Bell’s Brewery founder, Larry Bell announced that he has reached an agreement with Lion, an Australian-based brewer, for the sale of Bell’s. Lion acquired Colorado’s New Belgium Brewing in 2019. The move will see the Michigan-based craft brewer come together with New Belgium ― aligning the two American craft brewers.
Bell, who founded Bell’s in 1985 and brewed its first beers in a 15-gallon soup kettle, shared the news ― and announced his own retirement from the company he turned into a household name ― at the company’s annual all-employee event.
“I’m so proud of what we've been able to accomplish together,” Bell said in a statement. “From our wonderful fans, to the amazing team that has helped share our beer with the world, to the ways we’ve been able to invest in causes we believe in ― this has been an absolutely incredible journey.
“This decision ultimately came down to two determining factors,” he continued. “First, the folks at New Belgium share our ironclad commitment to the craft of brewing and the community-first way we've built our business. Second, this was the right time. I've been doing this for more than 36 years and recently battled some serious health issues. I want everyone who loves this company like I do to know we have found a partner that truly values our incredible beer, our culture, and the importance of our roots here in Michigan.”
The combination of Bell’s and New Belgium places the expanded company at the top of the U.S. craft beer market in sales volume and growth, with an extraordinary lineup of brands including the No. 1 IPA brand in the United States, Voodoo Ranger, along with Fat Tire, Two Hearted Ale and Oberon Ale, according to the company.
Bell’s decision to join New Belgium was based on the company’s commitment to the future stewardship of Bell’s iconic beer brands, its dedication to the ongoing successful operations of Bell’s in Comstock, Mich., and Upper Hand in Escanaba, Mich., and excitement around the opportunity to grow corporate social responsibility initiatives.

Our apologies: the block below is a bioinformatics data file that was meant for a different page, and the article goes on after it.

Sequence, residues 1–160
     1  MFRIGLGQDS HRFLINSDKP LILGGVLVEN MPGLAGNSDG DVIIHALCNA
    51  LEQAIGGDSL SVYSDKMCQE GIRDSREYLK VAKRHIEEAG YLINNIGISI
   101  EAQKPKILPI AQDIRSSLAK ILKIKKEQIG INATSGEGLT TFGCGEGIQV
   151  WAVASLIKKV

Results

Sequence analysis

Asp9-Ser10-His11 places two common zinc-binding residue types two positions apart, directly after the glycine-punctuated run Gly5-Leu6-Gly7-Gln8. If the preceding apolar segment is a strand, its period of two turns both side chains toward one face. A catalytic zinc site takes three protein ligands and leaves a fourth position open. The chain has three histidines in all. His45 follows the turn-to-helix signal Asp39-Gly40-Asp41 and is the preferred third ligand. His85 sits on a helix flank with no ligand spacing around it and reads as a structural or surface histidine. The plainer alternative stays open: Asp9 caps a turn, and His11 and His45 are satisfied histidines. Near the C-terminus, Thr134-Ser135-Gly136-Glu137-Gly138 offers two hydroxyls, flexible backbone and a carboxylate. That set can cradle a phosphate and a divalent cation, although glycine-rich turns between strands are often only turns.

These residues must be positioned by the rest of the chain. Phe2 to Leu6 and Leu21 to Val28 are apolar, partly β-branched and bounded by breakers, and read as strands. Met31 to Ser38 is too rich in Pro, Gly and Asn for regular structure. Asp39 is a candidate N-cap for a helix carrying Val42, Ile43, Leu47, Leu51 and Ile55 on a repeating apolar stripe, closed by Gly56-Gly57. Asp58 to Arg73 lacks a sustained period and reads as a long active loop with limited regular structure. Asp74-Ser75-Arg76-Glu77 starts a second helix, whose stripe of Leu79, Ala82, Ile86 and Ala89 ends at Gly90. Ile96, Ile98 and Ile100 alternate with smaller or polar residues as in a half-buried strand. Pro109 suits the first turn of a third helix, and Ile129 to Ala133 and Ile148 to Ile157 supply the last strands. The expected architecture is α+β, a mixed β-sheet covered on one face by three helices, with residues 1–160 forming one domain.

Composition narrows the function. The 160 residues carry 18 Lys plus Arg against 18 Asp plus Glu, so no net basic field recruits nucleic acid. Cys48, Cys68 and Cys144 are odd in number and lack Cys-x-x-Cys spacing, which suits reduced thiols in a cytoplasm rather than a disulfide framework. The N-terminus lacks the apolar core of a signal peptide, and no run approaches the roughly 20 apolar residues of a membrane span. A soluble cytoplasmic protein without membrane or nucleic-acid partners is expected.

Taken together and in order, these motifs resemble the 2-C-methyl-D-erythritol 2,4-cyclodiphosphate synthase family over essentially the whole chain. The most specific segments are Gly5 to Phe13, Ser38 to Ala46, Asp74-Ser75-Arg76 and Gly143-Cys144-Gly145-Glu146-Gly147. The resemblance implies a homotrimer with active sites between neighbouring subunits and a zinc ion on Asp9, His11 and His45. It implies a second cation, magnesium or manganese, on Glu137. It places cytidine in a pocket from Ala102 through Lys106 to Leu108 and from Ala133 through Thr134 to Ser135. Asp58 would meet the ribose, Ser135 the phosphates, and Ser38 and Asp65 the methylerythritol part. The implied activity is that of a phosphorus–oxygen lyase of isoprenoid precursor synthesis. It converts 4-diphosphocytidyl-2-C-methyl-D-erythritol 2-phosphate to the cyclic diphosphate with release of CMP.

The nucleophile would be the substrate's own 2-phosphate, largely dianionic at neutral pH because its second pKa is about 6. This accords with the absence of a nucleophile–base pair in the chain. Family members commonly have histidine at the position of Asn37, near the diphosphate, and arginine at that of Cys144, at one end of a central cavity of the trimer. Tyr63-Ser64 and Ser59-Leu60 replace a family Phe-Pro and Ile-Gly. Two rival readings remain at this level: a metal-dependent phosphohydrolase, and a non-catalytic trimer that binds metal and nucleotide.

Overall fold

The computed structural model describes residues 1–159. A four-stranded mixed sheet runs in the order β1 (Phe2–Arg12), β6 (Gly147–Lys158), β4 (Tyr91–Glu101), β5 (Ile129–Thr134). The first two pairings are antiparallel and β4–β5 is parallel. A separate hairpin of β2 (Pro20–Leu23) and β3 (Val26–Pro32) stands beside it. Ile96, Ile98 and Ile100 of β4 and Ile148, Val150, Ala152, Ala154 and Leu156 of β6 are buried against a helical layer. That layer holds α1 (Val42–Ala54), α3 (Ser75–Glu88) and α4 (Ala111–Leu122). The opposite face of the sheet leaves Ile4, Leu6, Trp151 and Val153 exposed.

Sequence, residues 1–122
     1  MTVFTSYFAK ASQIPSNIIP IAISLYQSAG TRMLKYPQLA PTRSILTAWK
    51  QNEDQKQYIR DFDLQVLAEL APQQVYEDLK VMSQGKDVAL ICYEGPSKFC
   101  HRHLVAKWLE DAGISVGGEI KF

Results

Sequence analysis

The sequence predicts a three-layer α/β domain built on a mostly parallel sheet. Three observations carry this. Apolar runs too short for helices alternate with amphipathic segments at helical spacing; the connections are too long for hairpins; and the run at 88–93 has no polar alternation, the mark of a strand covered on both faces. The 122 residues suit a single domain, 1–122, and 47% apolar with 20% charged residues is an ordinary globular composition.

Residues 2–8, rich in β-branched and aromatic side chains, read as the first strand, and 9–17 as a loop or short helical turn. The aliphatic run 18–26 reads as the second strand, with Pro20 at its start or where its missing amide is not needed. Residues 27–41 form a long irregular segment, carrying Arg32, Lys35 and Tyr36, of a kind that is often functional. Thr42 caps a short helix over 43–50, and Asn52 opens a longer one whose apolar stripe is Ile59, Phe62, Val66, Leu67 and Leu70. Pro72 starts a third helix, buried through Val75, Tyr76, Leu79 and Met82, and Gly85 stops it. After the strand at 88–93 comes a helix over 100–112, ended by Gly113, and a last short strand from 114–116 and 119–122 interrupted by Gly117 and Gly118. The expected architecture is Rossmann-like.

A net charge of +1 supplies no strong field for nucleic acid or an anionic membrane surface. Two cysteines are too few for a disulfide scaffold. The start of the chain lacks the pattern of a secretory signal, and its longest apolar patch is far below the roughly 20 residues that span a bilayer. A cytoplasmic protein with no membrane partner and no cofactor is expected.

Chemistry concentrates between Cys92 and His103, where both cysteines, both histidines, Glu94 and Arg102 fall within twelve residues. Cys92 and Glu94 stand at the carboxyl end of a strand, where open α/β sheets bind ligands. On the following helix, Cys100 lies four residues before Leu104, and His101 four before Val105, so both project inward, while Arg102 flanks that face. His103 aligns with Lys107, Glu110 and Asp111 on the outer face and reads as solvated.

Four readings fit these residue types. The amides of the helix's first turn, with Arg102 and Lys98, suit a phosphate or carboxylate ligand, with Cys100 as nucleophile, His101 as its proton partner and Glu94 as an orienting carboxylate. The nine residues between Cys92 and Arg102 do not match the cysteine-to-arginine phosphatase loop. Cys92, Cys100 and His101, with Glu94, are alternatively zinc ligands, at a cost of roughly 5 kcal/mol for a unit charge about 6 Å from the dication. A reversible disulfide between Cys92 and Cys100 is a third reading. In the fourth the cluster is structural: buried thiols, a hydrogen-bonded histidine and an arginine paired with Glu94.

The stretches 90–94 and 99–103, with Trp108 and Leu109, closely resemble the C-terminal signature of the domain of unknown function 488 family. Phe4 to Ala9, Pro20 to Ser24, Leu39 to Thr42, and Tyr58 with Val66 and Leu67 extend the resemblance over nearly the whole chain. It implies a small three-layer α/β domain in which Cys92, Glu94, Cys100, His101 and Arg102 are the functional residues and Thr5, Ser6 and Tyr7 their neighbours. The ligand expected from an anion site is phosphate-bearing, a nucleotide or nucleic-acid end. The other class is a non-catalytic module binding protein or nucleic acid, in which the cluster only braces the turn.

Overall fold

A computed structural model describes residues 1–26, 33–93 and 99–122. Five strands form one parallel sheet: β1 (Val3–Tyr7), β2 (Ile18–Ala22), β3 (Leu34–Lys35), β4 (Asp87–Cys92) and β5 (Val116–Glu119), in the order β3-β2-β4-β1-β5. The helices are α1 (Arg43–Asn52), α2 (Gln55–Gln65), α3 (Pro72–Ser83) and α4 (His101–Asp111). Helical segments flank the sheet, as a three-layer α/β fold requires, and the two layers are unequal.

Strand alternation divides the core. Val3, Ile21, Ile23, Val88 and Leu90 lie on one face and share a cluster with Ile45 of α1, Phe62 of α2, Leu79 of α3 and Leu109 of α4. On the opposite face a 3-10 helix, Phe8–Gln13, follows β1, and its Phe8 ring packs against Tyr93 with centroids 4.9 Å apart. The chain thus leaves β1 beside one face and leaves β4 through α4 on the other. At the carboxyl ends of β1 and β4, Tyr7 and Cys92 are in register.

By aligning with New Belgium, Bell's will expand on its own commitments to coworkers, communities, and customers by adopting many hallmark, human-powered business practices, including seeking B Corporation certification, 100% carbon neutrality by 2030, $1 per barrel philanthropy, and 100% score on the Human Rights Campaign Corporate Equality Index. Bell’s consumers can expect the same meaningful involvement with the Michigan community, driven by events like Oberon Day and supporting Kalamazoo Pride, which have been core to the company’s vision and values from the beginning, it adds.
“In Bell’s, we see a likeminded group of people dedicated to making the world's best beer ― doing business in a way that improves the wellbeing of the people who power our success,” said New Belgium CEO Steve Fechheimer, a Michigan native and longtime Bell’s drinker. “We couldn’t be happier to welcome the entire Bell’s team. Joining together will immediately strengthen our ability to serve and expand the craft community, deliver more value for our partners, and continue to redefine how business is done in a world facing historic economic, social, and environmental challenges. Personally, I can't wait to celebrate Oberon Day in 2022.”
During its 30 years in business, New Belgium has pioneered a “human-powered” business model grounded in the idea that building the most successful and resilient business requires prioritizing the prosperity of coworkers, communities, and customers across the company's operations. This approach has been the foundation for New Belgium's growth and ability to reach younger, more diverse beer drinkers, it says. That model now will grow to include Bell’s approximately 550 employees, 500,000-barrel brewery in Comstock, Mich., and beloved brands like Two Hearted.
After the sale closes in the coming months, beer drinkers should expect no changes to Bell’s current beers, which are distributed across 43 states, the District of Columbia and Puerto Rico. Bell’s Executive Vice President Carrie Yunker, who maintains an 18-year tenure with Bell’s, will continue to lead day-to-day operations for the brand, reporting to Fechheimer and joining the combined company's leadership team. Vice President of Operations John Mallett, who has been with Bell’s for more than 20 years, will join the leadership team to focus on integrating the two brewing organizations. Bell’s coworkers will keep working primarily out of Kalamazoo, with their breweries operating as usual.
“As a shareholder and board member, I am excited to support the sale of Bell’s to Lion and to join forces with New Belgium. Our job as owners is to ensure the best future for Bell’s and I believe this step is an important and critical part of our journey to continue the Bell's legacy long into the future,” said Laura Bell, daughter of Larry Bell.
“We are thrilled to be taking this next step in the United States, bringing these two great names in craft brewing together,” said Matt Tapper, managing director of Lion’s global craft beverages business. “We look forward to continuing to support both Bell's and New Belgium in this next phase of growth.”